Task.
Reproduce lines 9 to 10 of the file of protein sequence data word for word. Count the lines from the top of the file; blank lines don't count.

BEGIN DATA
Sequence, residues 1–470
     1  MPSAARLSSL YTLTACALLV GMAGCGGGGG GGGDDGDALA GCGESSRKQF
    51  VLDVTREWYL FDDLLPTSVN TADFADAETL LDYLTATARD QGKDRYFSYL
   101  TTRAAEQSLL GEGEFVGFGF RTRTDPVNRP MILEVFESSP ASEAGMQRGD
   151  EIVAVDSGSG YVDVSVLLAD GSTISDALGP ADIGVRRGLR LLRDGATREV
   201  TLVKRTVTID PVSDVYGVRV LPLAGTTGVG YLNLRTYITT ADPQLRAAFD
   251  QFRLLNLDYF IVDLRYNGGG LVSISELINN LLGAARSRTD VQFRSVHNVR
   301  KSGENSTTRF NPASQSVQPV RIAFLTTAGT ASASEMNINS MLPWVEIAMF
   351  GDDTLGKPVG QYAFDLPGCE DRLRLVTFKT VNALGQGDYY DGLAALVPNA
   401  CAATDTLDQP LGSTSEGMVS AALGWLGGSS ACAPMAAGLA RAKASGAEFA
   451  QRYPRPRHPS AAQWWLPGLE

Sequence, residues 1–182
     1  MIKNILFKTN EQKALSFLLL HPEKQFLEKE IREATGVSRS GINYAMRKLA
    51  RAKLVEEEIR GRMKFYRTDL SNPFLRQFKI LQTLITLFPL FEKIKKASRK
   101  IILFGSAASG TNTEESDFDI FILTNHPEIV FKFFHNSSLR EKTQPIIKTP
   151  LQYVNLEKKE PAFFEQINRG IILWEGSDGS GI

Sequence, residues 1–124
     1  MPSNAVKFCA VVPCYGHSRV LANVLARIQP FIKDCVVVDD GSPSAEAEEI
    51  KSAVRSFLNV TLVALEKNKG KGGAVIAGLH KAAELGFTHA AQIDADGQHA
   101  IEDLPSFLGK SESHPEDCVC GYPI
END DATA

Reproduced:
   351  GDDTLGKPVG QYAFDLPGCE DRLRLVTFKT VNALGQGDYY DGLAALVPNA
   401  CAATDTLDQP LGSTSEGMVS AALGWLGGSS ACAPMAAGLA RAKASGAEFA